Bay and the Reculvers, the place to which we next few feet of the walls of the dwellings. At this of the world. In the late case which occurred in Pos proceeded was Margate, a steamer carrying us thither extreme south-eastern corner of Thane, we are pre- land, a young woman came forward and gave evidence in rather less than an hour. I am sorry to say sented with a most extensive prospect seawards. that she had been seized by her master, a Hebrew, that I was disappointed with Margate. Let the The eye in a clear day commands the outline of the and had been confined to a room in his house, where reader conceive the idea of a bold chalky line of cliffs, sand-hills and cliffs on the French coast from about she had been bled several times against her will, to closely overhanging the sea, and in a notch, at a Calais to Dunkirk, a distance cf at least thirty miles, yield the leaven alluded to. The story was readily part lower than the rest, a cluster of red brick houses, the sparkling interval of ocean being dotted over with believed by the credulous public, with whose preposspreading in irregular or plain lines into the coun- white sails, and streaked with lazy currents of blue sessions it tallied only too strongly; and several Jews try, with two or three church spires, and tall bar- smoke issuing from the steamers which are almost were imprisoned and misused for the imputed crime. rack-looking buildings, and he has a tolerable idea of always seen plying in the Downs. More immediately But the young woman, seized with remorse, soon afterthe town. There is no beach for walking upon, and at hand, on the right, we have a full view of the low wards retracted her accusation, and admitted that she the accommodation for bathing in the sea is very silted-up shore on which are situated the ancient had been prevailed upon to make the statement by limited. The town is approached by a long wooden cinque-ports of Sandwich and Deal, also the groves her lover, a young man at enmity with some of the jetty ; but it is so low, that the sea at high tides amidst which Walmar, the seat of the Duke of Wel. Jews, and who had invented the story for her. The washes over it. Adjoining is a well-built harbour, lington, reposes, and beyond them the cliffy knolls only foundation for the charge lay in circumstances which, however, is left dry at low water. A more which overhang the town and port of Dover. We most honourable to her master. The girl had been ill, unfavourable spot for a sca-port or watering-place have here, indeed, a prospect of the spot on which, and had been bled in the usual way by the family cannot well be imagined. The streets, straggling up- fifty-five years before the Christian era, Julius Cæsar surgcon, whom the master had called in from the ward from the harbour, are as narrow as the lanes of arrived with his war galleys and conquered the abori- most humane motives, besides lavishing other kindly the city; and how families should come hither for fresh ginal inhabitants of our island ; and here, also, in sub-attentions upon his ungrateful servant. The case air, is beyond my comprehension, because they must be sequent times, was the landing place of Saxons and could not stand against such disclosures, and the Jews obliged to live in houses nearly as confined as those Danes who came to the country on a similar errand. were acquitted. they have left. Margate, however, as already hinted, It was likewise somewhere within this territory, which So lately as the end of the sixteenth century, the derives its chief support from being a favourite scene may well be defined as the portal of England, that St popular idea of a Jew in England included every of fashionable racket and amusement during the dull Augustine arrived about thirteen hundred years since, imaginable criminality. Shakspeare, in his Shylock, autumnal season in town. In walking through the and spread a knowledge of that Christianity which has in some measure pandered to this prejudice ; but narrow streets, you observe bazaars, which form loung- now illuminates the whole of Britain.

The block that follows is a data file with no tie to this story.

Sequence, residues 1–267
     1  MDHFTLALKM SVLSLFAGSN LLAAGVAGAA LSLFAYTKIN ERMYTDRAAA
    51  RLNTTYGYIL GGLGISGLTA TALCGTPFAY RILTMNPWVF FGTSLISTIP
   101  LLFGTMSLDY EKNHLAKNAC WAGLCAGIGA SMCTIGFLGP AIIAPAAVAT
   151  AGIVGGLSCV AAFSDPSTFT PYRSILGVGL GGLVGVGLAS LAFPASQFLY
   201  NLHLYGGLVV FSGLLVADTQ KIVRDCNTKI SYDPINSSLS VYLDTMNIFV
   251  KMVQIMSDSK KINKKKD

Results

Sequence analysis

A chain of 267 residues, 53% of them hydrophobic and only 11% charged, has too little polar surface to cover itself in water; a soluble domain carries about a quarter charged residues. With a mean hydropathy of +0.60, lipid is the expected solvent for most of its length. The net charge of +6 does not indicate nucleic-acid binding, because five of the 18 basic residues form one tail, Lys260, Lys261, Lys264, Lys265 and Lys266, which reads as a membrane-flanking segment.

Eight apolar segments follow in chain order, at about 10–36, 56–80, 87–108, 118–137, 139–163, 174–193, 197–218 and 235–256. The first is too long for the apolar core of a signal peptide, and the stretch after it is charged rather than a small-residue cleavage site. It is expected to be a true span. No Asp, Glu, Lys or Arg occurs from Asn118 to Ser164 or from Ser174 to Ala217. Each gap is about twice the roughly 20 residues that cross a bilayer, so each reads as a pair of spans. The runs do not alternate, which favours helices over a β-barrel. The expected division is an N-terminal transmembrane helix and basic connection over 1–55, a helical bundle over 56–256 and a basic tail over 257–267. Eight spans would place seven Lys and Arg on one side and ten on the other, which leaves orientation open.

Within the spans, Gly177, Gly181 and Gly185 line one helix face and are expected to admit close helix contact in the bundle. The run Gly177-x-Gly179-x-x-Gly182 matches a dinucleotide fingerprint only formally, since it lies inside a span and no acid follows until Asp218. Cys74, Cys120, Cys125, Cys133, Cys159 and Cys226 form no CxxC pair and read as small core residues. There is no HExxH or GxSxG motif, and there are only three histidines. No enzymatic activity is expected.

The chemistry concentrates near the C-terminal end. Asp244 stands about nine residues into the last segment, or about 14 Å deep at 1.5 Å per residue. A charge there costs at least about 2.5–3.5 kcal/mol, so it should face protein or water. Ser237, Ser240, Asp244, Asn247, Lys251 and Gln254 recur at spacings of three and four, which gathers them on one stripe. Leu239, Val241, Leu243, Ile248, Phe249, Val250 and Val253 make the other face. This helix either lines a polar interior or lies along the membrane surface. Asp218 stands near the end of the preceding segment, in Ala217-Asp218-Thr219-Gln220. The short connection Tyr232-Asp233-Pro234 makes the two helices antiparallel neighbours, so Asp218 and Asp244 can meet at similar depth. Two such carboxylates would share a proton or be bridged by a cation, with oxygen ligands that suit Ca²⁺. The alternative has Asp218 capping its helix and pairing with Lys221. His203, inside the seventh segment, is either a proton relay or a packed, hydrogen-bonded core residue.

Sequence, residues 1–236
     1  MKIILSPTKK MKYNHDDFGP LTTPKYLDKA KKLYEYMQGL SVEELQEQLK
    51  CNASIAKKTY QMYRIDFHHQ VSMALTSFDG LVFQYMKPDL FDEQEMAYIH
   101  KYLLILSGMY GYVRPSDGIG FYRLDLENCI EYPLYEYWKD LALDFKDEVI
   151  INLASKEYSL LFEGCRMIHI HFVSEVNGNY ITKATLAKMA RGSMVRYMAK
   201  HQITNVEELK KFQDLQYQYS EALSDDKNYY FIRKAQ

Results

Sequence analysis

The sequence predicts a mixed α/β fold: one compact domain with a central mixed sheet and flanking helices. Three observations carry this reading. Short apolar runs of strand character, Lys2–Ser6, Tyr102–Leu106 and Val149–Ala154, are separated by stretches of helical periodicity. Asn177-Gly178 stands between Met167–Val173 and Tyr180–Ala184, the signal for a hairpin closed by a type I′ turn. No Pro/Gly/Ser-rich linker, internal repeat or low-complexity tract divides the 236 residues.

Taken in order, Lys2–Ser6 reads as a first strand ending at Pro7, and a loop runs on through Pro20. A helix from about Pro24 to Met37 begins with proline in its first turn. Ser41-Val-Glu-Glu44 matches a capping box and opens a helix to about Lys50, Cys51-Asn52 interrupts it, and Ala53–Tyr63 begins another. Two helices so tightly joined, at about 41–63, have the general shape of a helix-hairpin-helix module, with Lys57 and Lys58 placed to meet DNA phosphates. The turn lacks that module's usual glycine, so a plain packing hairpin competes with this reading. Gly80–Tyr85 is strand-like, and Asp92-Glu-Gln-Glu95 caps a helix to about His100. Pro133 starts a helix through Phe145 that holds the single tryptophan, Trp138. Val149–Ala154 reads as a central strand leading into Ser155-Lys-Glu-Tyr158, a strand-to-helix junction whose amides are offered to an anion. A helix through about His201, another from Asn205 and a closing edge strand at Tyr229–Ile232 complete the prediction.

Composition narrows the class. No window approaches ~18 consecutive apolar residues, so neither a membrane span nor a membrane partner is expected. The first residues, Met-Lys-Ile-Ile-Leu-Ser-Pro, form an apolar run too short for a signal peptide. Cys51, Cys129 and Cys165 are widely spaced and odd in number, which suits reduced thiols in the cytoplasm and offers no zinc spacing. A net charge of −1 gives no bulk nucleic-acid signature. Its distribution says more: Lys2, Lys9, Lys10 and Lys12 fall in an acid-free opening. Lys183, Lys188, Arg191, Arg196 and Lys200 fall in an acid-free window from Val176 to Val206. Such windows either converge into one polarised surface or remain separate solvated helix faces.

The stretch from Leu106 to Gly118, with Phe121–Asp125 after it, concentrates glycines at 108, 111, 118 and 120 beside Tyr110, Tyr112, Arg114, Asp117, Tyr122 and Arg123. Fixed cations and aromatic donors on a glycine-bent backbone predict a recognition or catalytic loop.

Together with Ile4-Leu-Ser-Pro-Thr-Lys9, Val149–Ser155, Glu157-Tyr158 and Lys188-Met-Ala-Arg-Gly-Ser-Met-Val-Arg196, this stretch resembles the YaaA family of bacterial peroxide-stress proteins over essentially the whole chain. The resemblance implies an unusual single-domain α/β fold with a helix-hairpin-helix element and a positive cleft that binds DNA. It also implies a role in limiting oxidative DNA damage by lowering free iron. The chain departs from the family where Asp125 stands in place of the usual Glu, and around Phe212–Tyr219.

his Jew is spotless innocence compared to the Barabas, ing places for the idle; and in each is seen a gambling But I must stop, for the present, this narrative of or Jew of Malta, depicted by his immediate predecessor or raffling table for those who wish to try their luck. past events and modern